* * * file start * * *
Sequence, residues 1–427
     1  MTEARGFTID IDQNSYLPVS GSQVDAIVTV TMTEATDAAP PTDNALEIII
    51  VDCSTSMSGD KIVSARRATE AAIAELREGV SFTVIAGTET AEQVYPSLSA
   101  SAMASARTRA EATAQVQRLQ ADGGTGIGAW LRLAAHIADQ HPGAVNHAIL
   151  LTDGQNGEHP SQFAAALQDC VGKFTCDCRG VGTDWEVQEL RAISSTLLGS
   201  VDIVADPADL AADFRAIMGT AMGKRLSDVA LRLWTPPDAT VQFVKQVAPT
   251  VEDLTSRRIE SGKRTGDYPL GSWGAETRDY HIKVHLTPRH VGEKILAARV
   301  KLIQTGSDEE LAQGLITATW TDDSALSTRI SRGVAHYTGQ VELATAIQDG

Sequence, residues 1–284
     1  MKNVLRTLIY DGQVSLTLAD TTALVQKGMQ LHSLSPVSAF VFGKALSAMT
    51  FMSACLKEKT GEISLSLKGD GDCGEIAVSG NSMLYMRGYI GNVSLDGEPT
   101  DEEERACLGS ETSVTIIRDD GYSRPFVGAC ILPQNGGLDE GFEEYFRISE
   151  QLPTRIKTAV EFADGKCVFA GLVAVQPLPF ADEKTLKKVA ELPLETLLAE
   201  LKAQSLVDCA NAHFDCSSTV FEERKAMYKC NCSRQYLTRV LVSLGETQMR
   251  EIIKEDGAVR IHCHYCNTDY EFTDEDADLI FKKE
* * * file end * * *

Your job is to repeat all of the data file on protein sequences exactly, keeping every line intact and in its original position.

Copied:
Sequence, residues 1–427
     1  MTEARGFTID IDQNSYLPVS GSQVDAIVTV TMTEATDAAP PTDNALEIII
    51  VDCSTSMSGD KIVSARRATE AAIAELREGV SFTVIAGTET AEQVYPSLSA
   101  SAMASARTRA EATAQVQRLQ ADGGTGIGAW LRLAAHIADQ HPGAVNHAIL
   151  LTDGQNGEHP SQFAAALQDC VGKFTCDCRG VGTDWEVQEL RAISSTLLGS
   201  VDIVADPADL AADFRAIMGT AMGKRLSDVA LRLWTPPDAT VQFVKQVAPT
   251  VEDLTSRRIE SGKRTGDYPL GSWGAETRDY HIKVHLTPRH VGEKILAARV
   301  KLIQTGSDEE LAQGLITATW TDDSALSTRI SRGVAHYTGQ VELATAIQDG

Sequence, residues 1–284
     1  MKNVLRTLIY DGQVSLTLAD TTALVQKGMQ LHSLSPVSAF VFGKALSAMT
    51  FMSACLKEKT GEISLSLKGD GDCGEIAVSG NSMLYMRGYI GNVSLDGEPT
   101  DEEERACLGS ETSVTIIRDD GYSRPFVGAC ILPQNGGLDE GFEEYFRISE
   151  QLPTRIKTAV EFADGKCVFA GLVAVQPLPF ADEKTLKKVA ELPLETLLAE
   201  LKAQSLVDCA NAHFDCSSTV FEERKAMYKC NCSRQYLTRV LVSLGETQMR
   251  EIIKEDGAVR IHCHYCNTDY EFTDEDADLI FKKE